Workers’ compensation programs are a trade-off, providing participating employers with immunity from civil lawsuits by employees injured on the job, while compensating those employees without proof of fault. Since its 1913 adoption, West Virginia’s Workers’ Compensation Act has contained an exception to employer immunity if an injured employee can show a “deliberate intent” by the employer to injure the employee.
The West Virginia Wage Payment and Collection Act is the law that governs the way employees are paid upon separation from their employment in West Virginia. That Act has been in a state of flux recently. If you are an employer, you probably know that you used to have to pay employees within 72 hours of their separation from employment, and then the statute was changed to require payment by next regular payday or 4 business days, whichever comes first. As of June 11, that law changes again.
Spring has finally arrived to relieve us from a long, dreary winter. With warmer weather and longer days, employers now have the opportunity to focus on outdoor projects that have fallen dormant for several months. However, while warmer weather offers employers a chance to get outside and work, moving that work outside can present some hazards to employees that are often overlooked. Whether your workplace is a saw mill, a factory, or an office, the natural inhabitants of your environment who are also awakening at this time of year can pose a threat to your employees. Employers should spend time identifying these potential threats and making to minimize the risks that they present.
On February 25, 2015, the United States Supreme Court heard oral arguments in EEOC v. Abercrombie & Fitch Stores, Inc, a case where religious articles of clothing have come to clash with an employer’s neutral dress code policy. In this case, a Muslim teenage girl applied for a job at an Abercrombie & Fitch store. Abercrombie requires all of its employees to adhere to a “Look Policy” which, among other things, prohibits wearing black clothing or headgear. Consistent with her religion, the applicant normally wore a hijab, a type of headscarf, for modesty purposes. The applicant’s headscarves, however, were different than those frequently worn by devout Muslim women. Unlike others, her headscarves did not cover her neck, were not tightly bound, and were often bought at ordinary mall clothing stores.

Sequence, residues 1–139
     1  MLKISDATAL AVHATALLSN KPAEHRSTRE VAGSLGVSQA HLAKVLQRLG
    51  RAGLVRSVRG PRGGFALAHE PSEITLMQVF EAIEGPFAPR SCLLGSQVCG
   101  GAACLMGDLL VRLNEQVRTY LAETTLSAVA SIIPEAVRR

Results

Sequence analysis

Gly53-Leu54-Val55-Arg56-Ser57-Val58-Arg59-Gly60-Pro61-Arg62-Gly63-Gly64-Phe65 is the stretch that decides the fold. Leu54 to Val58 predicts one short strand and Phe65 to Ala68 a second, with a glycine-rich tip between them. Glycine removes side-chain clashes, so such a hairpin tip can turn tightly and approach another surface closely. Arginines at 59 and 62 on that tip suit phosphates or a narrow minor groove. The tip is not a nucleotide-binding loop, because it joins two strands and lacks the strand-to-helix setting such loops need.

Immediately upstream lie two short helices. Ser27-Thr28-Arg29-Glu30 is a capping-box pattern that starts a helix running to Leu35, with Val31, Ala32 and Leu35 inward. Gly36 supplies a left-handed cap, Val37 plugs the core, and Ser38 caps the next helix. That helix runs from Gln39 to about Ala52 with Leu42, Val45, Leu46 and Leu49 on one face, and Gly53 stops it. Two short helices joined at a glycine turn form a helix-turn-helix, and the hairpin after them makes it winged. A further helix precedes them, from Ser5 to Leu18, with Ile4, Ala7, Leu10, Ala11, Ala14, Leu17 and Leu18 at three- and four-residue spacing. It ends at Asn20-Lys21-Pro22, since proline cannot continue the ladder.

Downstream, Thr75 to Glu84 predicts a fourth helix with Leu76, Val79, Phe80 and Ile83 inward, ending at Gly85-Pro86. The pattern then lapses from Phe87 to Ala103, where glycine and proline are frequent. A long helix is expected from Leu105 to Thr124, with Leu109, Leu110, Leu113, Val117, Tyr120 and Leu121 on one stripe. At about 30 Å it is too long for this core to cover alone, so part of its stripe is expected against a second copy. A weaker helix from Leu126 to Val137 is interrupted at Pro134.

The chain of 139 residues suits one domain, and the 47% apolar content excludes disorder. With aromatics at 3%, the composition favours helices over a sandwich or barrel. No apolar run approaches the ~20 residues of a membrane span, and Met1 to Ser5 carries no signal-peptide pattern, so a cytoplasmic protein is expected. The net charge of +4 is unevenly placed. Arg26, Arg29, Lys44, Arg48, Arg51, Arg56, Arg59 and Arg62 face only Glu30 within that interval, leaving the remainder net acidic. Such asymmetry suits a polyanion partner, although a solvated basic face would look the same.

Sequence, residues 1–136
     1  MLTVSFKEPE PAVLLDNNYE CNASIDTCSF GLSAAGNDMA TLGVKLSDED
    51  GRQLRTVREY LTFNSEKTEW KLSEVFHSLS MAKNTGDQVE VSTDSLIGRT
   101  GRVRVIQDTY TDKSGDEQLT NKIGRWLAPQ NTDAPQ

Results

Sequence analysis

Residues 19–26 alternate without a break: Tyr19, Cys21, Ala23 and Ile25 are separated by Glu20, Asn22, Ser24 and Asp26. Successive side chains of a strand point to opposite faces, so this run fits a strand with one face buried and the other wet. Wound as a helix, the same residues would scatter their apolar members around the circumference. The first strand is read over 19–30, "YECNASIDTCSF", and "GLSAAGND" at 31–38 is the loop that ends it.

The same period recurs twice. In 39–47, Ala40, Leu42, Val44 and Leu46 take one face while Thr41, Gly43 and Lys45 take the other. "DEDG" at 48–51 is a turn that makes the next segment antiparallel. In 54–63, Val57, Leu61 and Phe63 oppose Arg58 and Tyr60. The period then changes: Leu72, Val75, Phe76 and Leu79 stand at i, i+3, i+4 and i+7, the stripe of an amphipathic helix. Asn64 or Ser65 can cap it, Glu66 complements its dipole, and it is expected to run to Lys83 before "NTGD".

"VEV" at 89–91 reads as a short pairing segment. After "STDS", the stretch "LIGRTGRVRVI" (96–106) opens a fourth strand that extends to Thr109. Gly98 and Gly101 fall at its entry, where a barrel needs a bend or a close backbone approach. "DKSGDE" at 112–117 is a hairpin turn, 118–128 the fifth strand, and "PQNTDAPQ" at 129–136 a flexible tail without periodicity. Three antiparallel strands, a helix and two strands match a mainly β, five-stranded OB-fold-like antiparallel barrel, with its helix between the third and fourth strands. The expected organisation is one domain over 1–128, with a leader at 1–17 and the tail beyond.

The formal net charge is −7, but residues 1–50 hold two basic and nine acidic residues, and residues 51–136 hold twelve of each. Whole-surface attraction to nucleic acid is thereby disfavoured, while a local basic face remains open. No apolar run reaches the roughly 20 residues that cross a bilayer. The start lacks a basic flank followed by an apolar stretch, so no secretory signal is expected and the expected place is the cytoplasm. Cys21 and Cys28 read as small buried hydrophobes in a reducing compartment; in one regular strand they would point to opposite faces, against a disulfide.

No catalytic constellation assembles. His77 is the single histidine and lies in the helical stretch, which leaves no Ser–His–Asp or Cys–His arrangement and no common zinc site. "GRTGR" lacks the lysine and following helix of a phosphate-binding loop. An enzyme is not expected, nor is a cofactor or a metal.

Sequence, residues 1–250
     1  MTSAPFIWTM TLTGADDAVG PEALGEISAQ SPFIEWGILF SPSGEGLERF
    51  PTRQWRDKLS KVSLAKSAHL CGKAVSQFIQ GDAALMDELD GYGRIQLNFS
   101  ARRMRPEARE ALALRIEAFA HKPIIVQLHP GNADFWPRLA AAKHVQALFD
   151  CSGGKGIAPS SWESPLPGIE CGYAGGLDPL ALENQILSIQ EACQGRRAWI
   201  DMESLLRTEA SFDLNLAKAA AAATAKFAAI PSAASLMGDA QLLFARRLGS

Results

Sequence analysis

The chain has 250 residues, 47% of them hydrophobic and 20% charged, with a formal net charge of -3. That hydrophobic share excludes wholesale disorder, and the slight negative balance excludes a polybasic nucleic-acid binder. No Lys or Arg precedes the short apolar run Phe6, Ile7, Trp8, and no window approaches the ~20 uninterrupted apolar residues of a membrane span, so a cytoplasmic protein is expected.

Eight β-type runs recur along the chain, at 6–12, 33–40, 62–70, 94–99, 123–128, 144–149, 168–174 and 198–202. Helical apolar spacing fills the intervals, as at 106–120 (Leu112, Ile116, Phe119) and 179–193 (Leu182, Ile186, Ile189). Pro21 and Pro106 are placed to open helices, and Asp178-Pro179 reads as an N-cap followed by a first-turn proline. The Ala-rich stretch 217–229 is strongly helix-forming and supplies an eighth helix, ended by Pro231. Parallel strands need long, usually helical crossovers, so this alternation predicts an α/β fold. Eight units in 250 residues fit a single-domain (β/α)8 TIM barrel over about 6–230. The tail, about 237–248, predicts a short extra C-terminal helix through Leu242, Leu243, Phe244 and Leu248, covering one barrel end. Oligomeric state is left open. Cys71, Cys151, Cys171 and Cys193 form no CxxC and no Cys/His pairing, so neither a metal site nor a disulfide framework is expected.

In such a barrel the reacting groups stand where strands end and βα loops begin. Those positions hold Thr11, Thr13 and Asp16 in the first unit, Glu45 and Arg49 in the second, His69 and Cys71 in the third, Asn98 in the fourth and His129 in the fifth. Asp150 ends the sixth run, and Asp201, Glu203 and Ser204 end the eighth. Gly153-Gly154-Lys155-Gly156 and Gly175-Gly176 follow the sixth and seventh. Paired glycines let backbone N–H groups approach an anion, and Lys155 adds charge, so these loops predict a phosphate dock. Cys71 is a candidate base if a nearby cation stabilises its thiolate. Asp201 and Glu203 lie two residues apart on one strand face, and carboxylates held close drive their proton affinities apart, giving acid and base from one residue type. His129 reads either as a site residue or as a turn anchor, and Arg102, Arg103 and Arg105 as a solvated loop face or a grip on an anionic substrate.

Many employers who provide health coverage to their employees have initiated wellness programs within the workplace over the years in order to reduce health care costs. These wellness programs may include initiatives to motivate an employee to become healthier through exercise, weight loss, nutrition and smoking cessation, among other vehicles. These programs may also include medical examinations and biometric screenings which measure an employee’s health risk factors. Often there are incentives to participate in these programs in the form of discounts on health care premiums.
In a recent decision, Jacobs v. N.C. Administrative Office of the Courts (“AOC”), the Fourth Circuit reinstated a disability discrimination lawsuit filed by a court clerk terminated three weeks after requesting an accommodation for her social anxiety disorder.
Although some things in life are worth the wait, lawsuits are not one of them. If your company is going to be sued, it’s almost always better for it to happen sooner rather than later. There are several practical reasons for this; I’ll list just a couple here. First, it’s much easier to defend a claim while evidence (and memory) is still fresh. Early fact investigation will yield more information and a better evaluation of a suit’s relative strengths and weaknesses. Second, it increases predictability, especially for smaller companies. For larger companies, litigation expenses may be the cost of doing business, but for others, the cost of litigation can be debilitating – especially when unsuspected. There is nothing worse than a small business getting hit with a difficult lawsuit right after choosing to bear additional market risks. But whether a company is large or small, increased predictability puts it in a better position to create and execute a business plan.
We have written previously on this blog about the decision of a panel of the 6th Circuit Court of Appeals (which covers Ohio, among other jurisdictions), which determined last year that an employee with irritable bowel syndrome who worked for Ford Motor Company should have been permitted to work from home as a reasonable accommodation to her condition. Not satisfied with the decision, Ford pleaded for a re-hearing by the entire 6th Circuit. Recently, after the 6th Circuit granted that request, the Court reversed course and determined that doing your job at the workplace can be an essential job function.
A few weeks back, my colleague, Joe Leonoro, wrote a blog entry entitled, “U.S. Supreme Court Tackles Pregnancy Discrimination in the Workplace,” which can be found here. In his post, Joe wrote about the United States Supreme Court’s decision in Young v. UPS, in which the Supreme Court overturned the Fourth Circuit’s affirmation of the district court’s grant of summary judgment to UPS in a pregnancy discrimination case. Specifically, the Court found that a question of fact remained as to whether UPS had discriminated against Ms. Young by refusing to allow her a light duty accommodation for the duration of her pregnancy. The Fourth Circuit, acting swiftly, issued its opinion less than one month later in which it again affirmed the district court and dismissed Ms. Young’s claim.